shape.draw();
    }
}

Now if you run the above application such as: Java ShapeApplication Circle, you will get output as: “I am Circle. No rough edges :-)”.

Now suppose a new Shape needs be handled say Triangle, we will have to just modify the factory method.

/**
 * Factory class which returns appropriate Shape object based on user specified string input
 */
public class ShapeFactory {

    public static Shape getShape(String shapeType){
        Shape shape = null;
        if("Rectangle".equals(shapeType)) {
            shape = new Rectangle();
        }
        else if("Square".equals(shapeType)) {
            shape = new Square();
        }
        else if("Circle".equals(shapeType)) {
            shape = new Circle();
        }
        else if("Triangle".equals(shapeType)) {
            shape = new Triangle();
        }
        return shape;
    }
}

But your existing ShapeApplication class will work with this new Shape type without any changes. In other words, the application (let’s say client application) which works with shape will be able to work with any new additional Shape objects as long as it conforms to Shape interface.

Excellent. Now the main point for which I really wanted to write about. Its here where I find many developers getting confused.

Now suppose a new functionality needs to be added to Circle class for rotating. Being super developer, we are more than happy to write new functionality. No problem. We will add rotate() method the Circle class (& not to other class) as it makes sense to Circle only.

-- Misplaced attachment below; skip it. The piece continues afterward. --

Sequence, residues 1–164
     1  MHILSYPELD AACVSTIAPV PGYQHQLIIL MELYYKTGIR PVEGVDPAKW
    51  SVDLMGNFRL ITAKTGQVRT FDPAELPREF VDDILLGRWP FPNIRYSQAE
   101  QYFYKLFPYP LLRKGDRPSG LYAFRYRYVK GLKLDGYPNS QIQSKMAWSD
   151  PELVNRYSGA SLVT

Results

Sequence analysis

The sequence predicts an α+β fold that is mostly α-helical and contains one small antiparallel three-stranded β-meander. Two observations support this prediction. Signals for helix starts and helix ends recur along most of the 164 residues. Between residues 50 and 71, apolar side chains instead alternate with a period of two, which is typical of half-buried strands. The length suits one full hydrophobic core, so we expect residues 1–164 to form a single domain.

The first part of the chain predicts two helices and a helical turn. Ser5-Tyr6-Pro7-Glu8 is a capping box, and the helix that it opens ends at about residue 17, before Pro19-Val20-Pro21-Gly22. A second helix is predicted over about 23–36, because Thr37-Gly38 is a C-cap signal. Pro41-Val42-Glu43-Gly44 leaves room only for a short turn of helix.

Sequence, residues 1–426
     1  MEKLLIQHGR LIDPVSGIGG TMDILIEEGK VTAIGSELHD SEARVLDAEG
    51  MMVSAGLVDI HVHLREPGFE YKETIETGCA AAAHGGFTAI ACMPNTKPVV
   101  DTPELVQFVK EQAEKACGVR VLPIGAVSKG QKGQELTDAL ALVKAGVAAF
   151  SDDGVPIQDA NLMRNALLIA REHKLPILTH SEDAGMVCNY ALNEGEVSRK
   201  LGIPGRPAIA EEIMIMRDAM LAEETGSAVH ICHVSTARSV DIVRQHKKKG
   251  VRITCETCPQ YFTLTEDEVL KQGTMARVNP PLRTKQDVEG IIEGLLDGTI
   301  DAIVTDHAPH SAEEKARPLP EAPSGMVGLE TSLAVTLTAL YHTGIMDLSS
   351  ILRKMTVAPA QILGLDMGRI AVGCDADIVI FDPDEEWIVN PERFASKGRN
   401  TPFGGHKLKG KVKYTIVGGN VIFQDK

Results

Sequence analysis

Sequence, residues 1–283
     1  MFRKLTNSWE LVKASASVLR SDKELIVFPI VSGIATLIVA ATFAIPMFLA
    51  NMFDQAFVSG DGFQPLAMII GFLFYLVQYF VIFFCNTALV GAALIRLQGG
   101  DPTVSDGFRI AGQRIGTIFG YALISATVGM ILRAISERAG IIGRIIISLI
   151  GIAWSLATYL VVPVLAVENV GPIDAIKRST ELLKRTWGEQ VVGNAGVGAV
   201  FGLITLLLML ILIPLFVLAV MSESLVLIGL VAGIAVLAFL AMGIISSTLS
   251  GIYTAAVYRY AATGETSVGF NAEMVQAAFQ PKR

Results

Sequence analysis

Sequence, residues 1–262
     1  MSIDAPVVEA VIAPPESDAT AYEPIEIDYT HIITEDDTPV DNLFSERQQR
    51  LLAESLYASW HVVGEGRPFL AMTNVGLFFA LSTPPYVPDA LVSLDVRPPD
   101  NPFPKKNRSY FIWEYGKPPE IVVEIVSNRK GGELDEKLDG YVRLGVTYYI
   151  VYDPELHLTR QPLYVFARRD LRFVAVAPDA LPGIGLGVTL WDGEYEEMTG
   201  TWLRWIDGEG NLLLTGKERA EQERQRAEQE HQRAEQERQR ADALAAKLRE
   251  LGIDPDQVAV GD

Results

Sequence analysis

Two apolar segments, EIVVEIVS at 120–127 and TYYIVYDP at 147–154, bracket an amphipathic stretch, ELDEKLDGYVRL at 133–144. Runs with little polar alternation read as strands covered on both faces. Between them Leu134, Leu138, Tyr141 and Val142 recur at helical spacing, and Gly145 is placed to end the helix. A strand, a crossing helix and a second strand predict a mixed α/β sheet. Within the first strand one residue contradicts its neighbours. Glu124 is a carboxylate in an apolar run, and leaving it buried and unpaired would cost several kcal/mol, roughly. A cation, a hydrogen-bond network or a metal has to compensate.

class Circle implements Shape {

    public void draw() {
        System.out.println("I am Circle. No rough edges :-)");
    }
    public void rotate() {
        System.out.println("Its so wonderful to rotate ");
    }

}

Now lets say we write client application as:

Shape shape = new Circle()
shape.draw();
shape.rotate();

What will be the output? Most of the time, I get answers as:
I am Circle. No rough edges 🙂
Its so wonderful to rotate ..

shape.draw() –> yes this works fine. Circle’s draw() method gets called.
shape.rotate(); –> This won’t get compiled.

Even though object is of Circle type & certainly that method is available in that object, but you are using reference of Shape. Shape reference doesn’t have any knowledge about rotate method. It just knows whatever is defined in Shape interface.

Just to reiterate the point, analyse this line:
Shape shape = ShapeFactory.getShape(type);
Here we can get any Shape object. How Java can assume at at compile time that it is going to be Circle object? Even if that line was allowed to compile, question remains what should happen for call to rotate method if you get say Square object?

Each concrete shape class can have its own specific method which doesn’t not make sense for other shapes, we so we won’t be adding that method in Shape interface.  Think from users/client of the Shape functionality. They just the know the contract i.e. behaviour as defined in Shape interface. So you can say they are supposed to work with only those methods as defined in Shape interface. In case client application wants to use specific concrete class, they can cast the reference after checking the type:

if(shape instanceof  Circle) {
    Circle circle = (Circle1)shape;
    circle.rotate();
} 

Or if you say that method make sense for other shapes also, you can add that method to interface & have each concrete class implement it. 

Yes, as per polymorphism, object’s  specific method gets called. i.e  At runtime, which methods gets called depends on actual object.
But which method can be called in the first place depends on reference type. This is a very important concept.